Features Available Online
ECBs Offer Ideal Solution For Shoreline Stabilization
by Brian Baker
The sidewalk in the foreground is a demonstation of how ECBs can be used in lieu of sod along sidewalks and streets. TES seeded tall fescue and laid the ECBs to protect the sidewalk from undermining.
Lakeside of Oakdale is an up-scale residential development located in northeastern Oklahoma City, Oklahoma. At the center of the 44 home development is a 23-acre, man-made recreational lake. The watershed for the lake is contained within the boundaries of the development, with no run-off entering the lake from an off-site source. The watershed prior to clearing and construction was typical of the crosstimbers region, a dense mix of blackjack and post oaks with eastern red cedars and tallgrass breaks in the upland areas, with hickory, pecan, willow, box elders, and thickets of blackberry and greenbriar in the lower areas. The watershed was approximately 80% dense woodland and 20% open grassland before construction. The lake was dug on the lowest area of the project and excavated material was used for the construction of the dam. No fill was brought in to construct the dam.
The developer, Turner and Company of Edmond, Oklahoma, wanted to make sure that the slopes in the development and especially around the lake's perimeter were stabilized and vegetated as the lake filled with water and construction of homes began. Because the storm sewer system drains into the lake, many Best Management Practices (BMPs) are used and maintained throughout the project. Silt fence and construction entrances are required of the builders at each lot where appropriate and inlet protection devices are used at curb-style inlets and flumes. There is also a sizeable area around the lake that is 'common area' and has been seeded to serve as a grassy buffer between construction activities and the lake. Tallgrass Environmental Solutions, LLC (TES), a landscape contracting company that focuses on erosion/sediment control and sustainable landscaping, was contracted to determine the BMPs for the slopes on the lake to ensure stabilization, as there was ample opportunities for soil erosion on its 3:1 and greater slopes.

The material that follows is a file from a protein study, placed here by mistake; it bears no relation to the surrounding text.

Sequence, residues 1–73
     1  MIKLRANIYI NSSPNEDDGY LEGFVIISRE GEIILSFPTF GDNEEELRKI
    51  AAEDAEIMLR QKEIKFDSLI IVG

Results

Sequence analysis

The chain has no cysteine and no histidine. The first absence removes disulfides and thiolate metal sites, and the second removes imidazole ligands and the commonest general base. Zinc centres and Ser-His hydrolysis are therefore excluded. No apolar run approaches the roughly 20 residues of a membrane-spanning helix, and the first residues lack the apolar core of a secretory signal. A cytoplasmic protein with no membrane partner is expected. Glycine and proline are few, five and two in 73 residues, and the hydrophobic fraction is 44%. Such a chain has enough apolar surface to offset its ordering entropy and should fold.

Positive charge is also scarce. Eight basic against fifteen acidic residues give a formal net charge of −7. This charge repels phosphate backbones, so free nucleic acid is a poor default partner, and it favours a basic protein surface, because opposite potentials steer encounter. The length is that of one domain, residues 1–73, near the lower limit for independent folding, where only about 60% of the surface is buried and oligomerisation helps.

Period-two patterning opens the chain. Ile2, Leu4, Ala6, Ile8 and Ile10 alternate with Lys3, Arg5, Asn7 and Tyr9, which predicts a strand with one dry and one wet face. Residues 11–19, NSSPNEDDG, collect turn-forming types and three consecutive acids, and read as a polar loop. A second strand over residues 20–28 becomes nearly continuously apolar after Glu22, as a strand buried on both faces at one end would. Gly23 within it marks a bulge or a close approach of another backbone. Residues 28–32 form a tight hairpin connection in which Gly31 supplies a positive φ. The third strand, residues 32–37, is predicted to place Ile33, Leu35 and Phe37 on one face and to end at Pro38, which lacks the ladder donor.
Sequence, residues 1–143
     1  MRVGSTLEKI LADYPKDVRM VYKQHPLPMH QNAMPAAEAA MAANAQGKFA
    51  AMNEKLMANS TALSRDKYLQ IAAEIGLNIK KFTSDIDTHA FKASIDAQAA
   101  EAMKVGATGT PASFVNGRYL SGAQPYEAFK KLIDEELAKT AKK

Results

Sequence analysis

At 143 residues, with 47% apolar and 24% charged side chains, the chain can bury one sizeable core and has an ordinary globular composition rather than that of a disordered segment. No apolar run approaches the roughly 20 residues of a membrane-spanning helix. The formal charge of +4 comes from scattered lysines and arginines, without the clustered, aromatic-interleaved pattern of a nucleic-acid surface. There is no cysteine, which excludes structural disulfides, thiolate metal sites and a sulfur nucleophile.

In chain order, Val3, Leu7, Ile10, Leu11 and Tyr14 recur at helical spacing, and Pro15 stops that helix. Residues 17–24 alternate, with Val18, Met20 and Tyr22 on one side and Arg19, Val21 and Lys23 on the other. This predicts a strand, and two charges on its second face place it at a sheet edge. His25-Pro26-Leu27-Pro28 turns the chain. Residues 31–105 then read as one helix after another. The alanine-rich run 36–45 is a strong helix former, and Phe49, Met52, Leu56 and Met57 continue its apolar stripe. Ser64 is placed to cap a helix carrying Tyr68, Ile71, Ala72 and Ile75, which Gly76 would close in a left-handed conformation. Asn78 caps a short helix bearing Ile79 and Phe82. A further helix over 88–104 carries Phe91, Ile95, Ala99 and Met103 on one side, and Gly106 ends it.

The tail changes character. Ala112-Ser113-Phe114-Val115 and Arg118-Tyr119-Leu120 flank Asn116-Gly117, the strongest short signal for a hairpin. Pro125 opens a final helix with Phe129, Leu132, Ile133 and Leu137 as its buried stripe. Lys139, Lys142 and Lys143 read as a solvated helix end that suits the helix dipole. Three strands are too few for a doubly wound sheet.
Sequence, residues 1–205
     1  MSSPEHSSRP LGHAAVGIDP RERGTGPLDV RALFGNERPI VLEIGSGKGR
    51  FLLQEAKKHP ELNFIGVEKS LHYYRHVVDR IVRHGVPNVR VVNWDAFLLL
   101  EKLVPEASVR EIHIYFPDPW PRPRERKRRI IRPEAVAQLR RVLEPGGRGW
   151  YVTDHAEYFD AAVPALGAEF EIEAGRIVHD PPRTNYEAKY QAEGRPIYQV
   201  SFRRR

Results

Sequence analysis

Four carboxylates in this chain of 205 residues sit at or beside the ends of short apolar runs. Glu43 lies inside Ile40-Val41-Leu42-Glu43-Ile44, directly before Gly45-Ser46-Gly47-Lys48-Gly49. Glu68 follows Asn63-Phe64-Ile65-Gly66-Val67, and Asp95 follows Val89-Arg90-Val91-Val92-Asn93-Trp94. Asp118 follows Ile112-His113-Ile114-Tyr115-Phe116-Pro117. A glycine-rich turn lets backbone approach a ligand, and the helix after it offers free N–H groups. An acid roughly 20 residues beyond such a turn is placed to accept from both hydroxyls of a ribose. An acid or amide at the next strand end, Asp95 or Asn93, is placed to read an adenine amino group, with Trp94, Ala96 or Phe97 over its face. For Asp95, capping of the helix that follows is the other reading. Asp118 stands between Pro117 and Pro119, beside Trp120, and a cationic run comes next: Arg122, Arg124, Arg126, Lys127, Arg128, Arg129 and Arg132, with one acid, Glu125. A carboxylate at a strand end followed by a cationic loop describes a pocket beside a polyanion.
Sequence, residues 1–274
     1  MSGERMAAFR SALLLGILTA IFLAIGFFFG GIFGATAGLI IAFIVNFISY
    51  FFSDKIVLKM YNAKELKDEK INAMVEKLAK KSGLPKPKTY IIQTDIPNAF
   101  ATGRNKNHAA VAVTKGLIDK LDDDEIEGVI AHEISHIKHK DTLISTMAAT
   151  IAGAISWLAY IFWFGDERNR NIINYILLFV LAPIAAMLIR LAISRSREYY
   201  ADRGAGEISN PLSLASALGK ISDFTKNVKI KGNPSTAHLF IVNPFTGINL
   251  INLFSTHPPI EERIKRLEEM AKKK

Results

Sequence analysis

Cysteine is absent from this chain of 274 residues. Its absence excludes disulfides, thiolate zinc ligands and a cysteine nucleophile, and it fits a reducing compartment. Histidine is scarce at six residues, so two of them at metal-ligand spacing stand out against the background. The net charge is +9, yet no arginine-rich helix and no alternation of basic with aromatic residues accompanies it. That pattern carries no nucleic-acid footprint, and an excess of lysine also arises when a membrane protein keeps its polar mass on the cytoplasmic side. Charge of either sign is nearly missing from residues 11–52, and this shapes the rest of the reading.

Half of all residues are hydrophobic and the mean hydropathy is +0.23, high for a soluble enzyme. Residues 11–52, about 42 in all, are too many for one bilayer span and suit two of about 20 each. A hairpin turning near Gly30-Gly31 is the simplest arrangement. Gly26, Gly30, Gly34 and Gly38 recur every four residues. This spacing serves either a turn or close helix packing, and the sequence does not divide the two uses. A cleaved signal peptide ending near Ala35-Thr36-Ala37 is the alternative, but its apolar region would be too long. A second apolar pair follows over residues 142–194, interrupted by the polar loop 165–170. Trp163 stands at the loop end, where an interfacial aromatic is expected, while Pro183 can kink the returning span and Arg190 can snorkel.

“When we first saw the plans on paper—and at that point no dirt had been moved—the project looked much smaller in scale,” said Joshua Rasp, vice president and project manager of Tallgrass. “Once the area was cleared for development and the approximately 1,300 feet long dam of the lake was built, almost all of the slopes were greater than 3:1 and I knew we would have to overcome some issues.”
|Tallgrass Environmental Solutions, LLC (TES), a landscape contracting company that focuses on erosion/sediment control and sustainable landscaping, was contracted to determine the BMPs for the slopes on the lake to ensure stabilization, as there was ample opportunities for soil erosion on its 3:1 and greater slopes.|
Some of the key issues Mr. Rasp would have to overcome included high ground water that caused the clay soil, which was abundant on this project, to clod and not spread evenly. Also, the lake’s sloped topography made it difficult to utilize the equipment needed to effectively prepare the ground. Plus, with the lakeside slopes facing in all directions, TES needed a vegetative stabilization solution that would flourish under different levels of exposure to sunlight which effects seed germination. Finally, because of the high water table, water would often seep out of the cut slopes causing the soils to soften. This makes it more difficult to run equipment on the slope and may actually cause the slope to slump, requiring subsequent repair.